The Israeli High Court has ordered the Agriculture Ministry to respond to claims by animal rights organisations that they are granting licenses for the importation of live animals intended for slaughter.
The animal rights groups, citing Agriculture Ministry data, detailed that in 2016, over 570,000 sheep and cows arrived at Israeli ports from Europe and Australia – nearly double the number for 2015. In the first half of 2017 alone this increased by 20%, with 268,172 sheep and cows were imported for the purpose of slaughter. Around 30% come from Australia, the largest live animal exporter for slaughter in the world, exporting over 3 million animals every year.
The increase has occurred despite pledges from the Minister of Agriculture and Rural Development, Uri Ariel, last year to work to restrict live shipments.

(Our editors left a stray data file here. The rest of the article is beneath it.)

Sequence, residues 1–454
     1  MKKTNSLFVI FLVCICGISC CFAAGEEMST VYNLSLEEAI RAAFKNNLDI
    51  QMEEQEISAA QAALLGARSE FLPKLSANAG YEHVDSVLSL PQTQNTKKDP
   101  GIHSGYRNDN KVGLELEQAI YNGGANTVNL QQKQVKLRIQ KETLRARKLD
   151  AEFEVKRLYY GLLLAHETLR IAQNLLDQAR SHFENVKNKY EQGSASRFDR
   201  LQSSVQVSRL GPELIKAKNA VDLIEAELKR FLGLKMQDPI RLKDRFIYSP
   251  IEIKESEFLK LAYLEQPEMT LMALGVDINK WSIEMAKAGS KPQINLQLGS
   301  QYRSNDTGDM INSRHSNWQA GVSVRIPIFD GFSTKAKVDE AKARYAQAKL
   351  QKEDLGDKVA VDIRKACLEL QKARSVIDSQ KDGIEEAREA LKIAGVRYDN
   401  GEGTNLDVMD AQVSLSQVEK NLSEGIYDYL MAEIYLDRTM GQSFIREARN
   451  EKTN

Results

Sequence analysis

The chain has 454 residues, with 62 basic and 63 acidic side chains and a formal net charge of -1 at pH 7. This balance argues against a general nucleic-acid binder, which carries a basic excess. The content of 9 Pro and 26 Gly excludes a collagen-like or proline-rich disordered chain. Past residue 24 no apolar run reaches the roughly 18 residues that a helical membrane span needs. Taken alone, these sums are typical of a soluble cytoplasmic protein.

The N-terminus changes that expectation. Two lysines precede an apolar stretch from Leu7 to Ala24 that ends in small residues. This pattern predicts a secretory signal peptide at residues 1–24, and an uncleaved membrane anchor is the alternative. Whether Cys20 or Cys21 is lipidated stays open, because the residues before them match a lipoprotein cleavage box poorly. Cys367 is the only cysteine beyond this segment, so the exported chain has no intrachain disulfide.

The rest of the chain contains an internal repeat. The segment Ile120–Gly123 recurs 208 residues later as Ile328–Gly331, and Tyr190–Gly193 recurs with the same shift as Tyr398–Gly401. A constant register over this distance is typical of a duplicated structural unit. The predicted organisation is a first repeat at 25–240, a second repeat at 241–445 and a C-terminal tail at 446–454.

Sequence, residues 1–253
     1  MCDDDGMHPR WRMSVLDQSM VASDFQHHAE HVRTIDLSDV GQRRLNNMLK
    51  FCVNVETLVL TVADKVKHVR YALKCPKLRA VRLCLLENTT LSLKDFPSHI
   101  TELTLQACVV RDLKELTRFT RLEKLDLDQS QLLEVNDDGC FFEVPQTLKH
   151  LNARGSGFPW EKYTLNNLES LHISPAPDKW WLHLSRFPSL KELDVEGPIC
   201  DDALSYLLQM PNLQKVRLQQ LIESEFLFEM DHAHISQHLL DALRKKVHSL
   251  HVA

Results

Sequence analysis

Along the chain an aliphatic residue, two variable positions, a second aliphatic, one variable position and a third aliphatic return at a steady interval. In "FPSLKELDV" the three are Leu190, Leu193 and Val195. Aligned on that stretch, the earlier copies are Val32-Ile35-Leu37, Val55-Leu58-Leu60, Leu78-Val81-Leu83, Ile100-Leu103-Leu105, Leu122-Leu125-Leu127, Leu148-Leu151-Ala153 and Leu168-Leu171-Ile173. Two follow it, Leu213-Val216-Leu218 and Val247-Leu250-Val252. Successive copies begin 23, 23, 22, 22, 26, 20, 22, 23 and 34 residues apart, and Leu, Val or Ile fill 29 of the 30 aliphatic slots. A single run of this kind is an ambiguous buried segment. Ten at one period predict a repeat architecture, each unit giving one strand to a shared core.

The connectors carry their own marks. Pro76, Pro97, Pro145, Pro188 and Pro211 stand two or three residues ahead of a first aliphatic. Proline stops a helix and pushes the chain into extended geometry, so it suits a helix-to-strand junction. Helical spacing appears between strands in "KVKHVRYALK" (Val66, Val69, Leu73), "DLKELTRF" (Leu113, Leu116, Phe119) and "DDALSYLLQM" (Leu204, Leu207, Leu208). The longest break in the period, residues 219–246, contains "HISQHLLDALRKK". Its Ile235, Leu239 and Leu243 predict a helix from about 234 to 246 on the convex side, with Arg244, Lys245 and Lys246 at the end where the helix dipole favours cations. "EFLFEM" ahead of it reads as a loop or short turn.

Animals shipped live from Australia can be confined on vessels for up to three weeks in cramped, unsanitary conditions resulting in fatal heat stroke due to high temperatures and poor ventilation, salmonellosis, dehydration and severe reactions to ammonia from the high levels of animal waste on board. The Australian Department of Agriculture and Water Resources report that over 20,000 animals die whilst being transported every year.
In a joint statement from Anonymous for Animal Rights and Let Animals Live, they said,
“The court decision raises hope for a better future for animals. More and more Israelis are choosing to stop buying meat and to not finance abusive corporations. But even meat consumers are opposed to live shipments, which are the peak of cruelty. There is no justification for transporting animals from the other side of the world, across lands and seas, wallowing in their secretions on shaky ships.”